Monthly Archives: September 2012

Weekly Update : Loading Large Maps

Since feature based updates take long time I am going to start some weekly posts about what I am working on.

So for this I am working on optimization techniques for large game scenes. For  testing i am using dust2 from counterstrike source and 2nd map from Half Life 2 single player. I have implemented hierarchical frustum culling, now I am looking for occlusion culling techniques.

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Spatial Partitioning

Implementing Polygon level collision detection was fun and quite useful. I have implemented the system for static objects, dynamic objects, skinned characters and terrain. So even though collision detection is done it’s not ready for full game scene having 1 million polygons or more. The main reason is the performance if we use this system as it as for big levels without any High level optimizations we can’t get playable frame rates because CPU’s are still not powerful enough to do that and will never be. Because as the CPU or GPU horsepower increases people would demand larger and more realistic  looking worlds that means more polygons means more horsepower required to manage that. So we have to implement high level optimizations and we should try to rule out insignificant calculations as early as possible. Because check your character against all 1 million polygons or so every frame doesn’t make sense.

So next that’s where Spatial Partitioning comes into use. As name describes itself Spatial Partitioning algorithms divides the game level spatially into different areas or chunks depending on particular algorithm being used.  So every frame we can only test our character against objects / polygons in that particular area.

Not only collision detection same spatial partitioning algorithms can be used for speeding up rendering also. We have already divided space into smaller chunks / areas so sometimes we can get away only rendering that particular area. For example a scene consisting of 100 rooms and we are in room 50 then we just have to render that particular room and objects in it ignoring  all other rooms and objects in them. So that saves a lot of GPU power send in rendering other 99 rooms which user can’t even see (ignoring things like windows etc to make example simpler).

So this was an extreme example I gave but in many cases the amount of boost we get rendering and collision detection is comparable to example above.

Also I just gave you once example in the area of rendering deciding visibility or object but this can help in many other areas like LOD, Animation LOD and much more.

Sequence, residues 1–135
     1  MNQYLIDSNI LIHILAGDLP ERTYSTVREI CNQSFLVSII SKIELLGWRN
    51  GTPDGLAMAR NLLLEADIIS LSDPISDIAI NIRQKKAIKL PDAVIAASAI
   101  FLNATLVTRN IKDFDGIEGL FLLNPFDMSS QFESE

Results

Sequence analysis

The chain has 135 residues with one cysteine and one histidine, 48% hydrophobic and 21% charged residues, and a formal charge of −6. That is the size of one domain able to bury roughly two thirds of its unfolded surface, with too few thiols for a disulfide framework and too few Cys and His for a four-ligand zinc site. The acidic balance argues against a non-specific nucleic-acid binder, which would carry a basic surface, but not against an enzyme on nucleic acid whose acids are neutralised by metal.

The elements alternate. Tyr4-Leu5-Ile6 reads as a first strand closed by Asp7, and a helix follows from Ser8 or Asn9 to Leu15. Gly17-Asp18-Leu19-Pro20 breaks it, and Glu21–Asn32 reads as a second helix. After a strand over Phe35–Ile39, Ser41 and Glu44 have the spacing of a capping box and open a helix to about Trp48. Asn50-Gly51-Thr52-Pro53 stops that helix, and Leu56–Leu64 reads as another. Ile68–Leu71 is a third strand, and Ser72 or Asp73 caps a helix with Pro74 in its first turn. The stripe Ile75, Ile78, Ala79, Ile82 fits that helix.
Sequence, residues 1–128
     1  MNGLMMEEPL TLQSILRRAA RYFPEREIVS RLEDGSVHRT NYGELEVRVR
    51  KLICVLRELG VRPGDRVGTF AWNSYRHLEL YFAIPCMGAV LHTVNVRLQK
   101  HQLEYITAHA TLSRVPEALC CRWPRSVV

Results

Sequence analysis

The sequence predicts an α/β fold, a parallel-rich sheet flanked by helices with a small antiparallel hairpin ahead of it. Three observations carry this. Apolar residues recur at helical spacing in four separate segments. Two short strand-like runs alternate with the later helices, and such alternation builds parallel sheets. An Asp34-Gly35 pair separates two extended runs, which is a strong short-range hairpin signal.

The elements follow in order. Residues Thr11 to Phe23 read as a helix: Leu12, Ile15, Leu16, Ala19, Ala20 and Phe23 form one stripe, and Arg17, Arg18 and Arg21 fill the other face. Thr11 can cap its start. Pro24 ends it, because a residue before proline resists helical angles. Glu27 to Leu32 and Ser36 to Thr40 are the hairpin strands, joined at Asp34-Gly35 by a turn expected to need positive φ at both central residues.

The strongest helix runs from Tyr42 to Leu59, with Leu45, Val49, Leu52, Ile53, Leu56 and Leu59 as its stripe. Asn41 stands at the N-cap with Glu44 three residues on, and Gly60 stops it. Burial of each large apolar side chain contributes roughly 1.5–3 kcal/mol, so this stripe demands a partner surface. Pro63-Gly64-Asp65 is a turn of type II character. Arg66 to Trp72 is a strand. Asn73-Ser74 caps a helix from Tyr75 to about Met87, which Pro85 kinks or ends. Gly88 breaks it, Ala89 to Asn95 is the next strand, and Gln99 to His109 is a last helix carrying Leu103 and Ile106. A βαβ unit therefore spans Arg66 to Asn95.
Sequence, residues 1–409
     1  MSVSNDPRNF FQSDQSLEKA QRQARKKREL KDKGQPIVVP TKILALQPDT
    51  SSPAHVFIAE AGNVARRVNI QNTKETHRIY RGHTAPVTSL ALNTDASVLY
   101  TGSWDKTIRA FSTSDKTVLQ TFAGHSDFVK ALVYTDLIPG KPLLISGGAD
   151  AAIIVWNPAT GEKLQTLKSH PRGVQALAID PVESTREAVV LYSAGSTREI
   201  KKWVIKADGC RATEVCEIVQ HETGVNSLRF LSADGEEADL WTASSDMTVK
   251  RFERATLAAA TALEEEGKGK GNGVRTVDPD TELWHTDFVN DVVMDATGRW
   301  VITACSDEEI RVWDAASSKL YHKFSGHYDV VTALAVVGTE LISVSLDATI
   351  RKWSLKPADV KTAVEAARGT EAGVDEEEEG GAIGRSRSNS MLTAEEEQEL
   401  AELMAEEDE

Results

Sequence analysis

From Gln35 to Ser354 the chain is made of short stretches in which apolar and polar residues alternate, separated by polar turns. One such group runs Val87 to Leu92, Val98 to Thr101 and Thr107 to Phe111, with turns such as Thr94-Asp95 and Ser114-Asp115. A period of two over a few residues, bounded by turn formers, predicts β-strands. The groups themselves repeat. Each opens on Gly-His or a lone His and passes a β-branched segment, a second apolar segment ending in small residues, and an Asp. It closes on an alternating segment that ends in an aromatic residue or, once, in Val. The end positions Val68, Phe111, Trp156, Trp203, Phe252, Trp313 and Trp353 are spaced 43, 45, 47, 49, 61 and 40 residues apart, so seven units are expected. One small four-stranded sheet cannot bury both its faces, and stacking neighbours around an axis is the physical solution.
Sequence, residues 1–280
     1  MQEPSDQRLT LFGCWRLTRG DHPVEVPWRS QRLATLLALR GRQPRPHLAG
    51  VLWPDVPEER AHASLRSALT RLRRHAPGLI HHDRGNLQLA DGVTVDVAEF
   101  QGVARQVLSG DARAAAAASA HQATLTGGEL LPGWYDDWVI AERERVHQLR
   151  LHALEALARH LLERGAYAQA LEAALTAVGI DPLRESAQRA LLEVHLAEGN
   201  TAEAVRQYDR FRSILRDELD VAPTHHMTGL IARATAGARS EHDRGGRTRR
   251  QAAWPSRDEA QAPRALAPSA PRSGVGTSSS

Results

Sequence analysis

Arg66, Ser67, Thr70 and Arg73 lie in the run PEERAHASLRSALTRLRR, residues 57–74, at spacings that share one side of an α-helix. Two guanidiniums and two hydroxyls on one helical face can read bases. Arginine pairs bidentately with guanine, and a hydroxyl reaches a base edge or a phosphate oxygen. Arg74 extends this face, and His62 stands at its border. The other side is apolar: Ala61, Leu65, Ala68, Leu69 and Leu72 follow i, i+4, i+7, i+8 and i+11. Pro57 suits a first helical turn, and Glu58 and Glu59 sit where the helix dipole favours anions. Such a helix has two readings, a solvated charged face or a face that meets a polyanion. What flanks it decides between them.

Hierarchical Partitioning

So by spatial partitioning we mean diving scene in cells (rows and columns etc) so we can just reject whole area / chunk of level at once from rendering or collision detection instead of going to each game object or polygon and checking if its visible or colliding.

Well this process can still be speeded up further much more by making the spatial partitioning hierarchical. So for example we can sometimes reject the 50% of the scene in single bounding volume check which is a major speed boost.

So here are some popular Hierarchical partitioning algorithms –

  • Quad Tree : A Quad Tree is a tree data structure in which each internal node has exactly four children. Quad Trees are most often used to partition a 2D / 3D space by recursively subdividing it into four quadrants or regions. The regions may be square or rectangular, or may have arbitrary shapes. But for games shapes are mostly square or sometimes rectangle. At each parent node 2 planes are chosen which mostly divides the node into 4 equal children.
    QuadTreeImage
  • Oct Tree : An Oct Treeis mostly same as Quad Tree with a difference that  each internal node has 8 children. Oct Trees are used in 3D environments. At each parent node 3 planes are chosen which mostly divides the node into 8 equal children. But there are other techniques also like Loose Oct Trees in which 8 children may/mayn’t be of equal size.
  • Axis Aligned BSP Trees or KD Trees : A k-d tree (short for k-dimensional tree) is a space-partitioning data structure for organizing points in a k-dimensional space. k-d trees are a useful data structure for several applications, such as searches involving a multidimensional search key. Even Quad Tree and Oct Tree can be thought of as k-d tree with 4 &  8 dimensions.  But in-game development k-d tree mostly means a special case of BSP or Binary Space partitioning Tree in which each internal node has only 2 children and plane used to split at any internal node is aligned to one of the Axes (X,Y or Z).
  • Polygon Aligned BSP Solid  Leaf Trees : Binary space partitioning is a generic process of recursively dividing a scene into two until the partitioning satisfies one or more requirements. At any internal node a plane aligned to one of the polygon is chosen to split other polygons at this level into back child and front child. At leaf Nodes polygons will only be present in front node and back nodes are mostly empty to represent what is called Solid Space or space where player can’t enter.  So we can easily render polygons in back to front or vice versa. Also there many occlusion culling techniques made possible by the BSP trees like Portals and PVS. All of this combined together is still the fastest way to render indoor scenes.

Another factor comes into play is whether we should clip objects / polygons or not along the boundaries of a Node. If we actually clip then polygon count will increase but 2 objects created as a result of clip along any plane will be owned by unique Nodes/ Leafs. But if we decide we don’t want to clip we either have to expand boundaries of Nodes (e.g. loose Oct Trees) or we have to include polygons in both children nodes in which case we have to implement something to avoid rendering same object more than once.

So at the time of writing this Quad Tree , Oct Tree and KD Tree were working and some foundation code for BSP is there but I most probably will be dropping it because right now I want to focus mostly on techniques that can be used in real-time and BSP takes a huge amount of pre processing time in construction of BSP Trees etc, also BSP are mostly much more useful for indoor environments or some outdoor environments with different sections that can be realized like indoor environments or areas (e.g. counterstrike or even half life2 itself).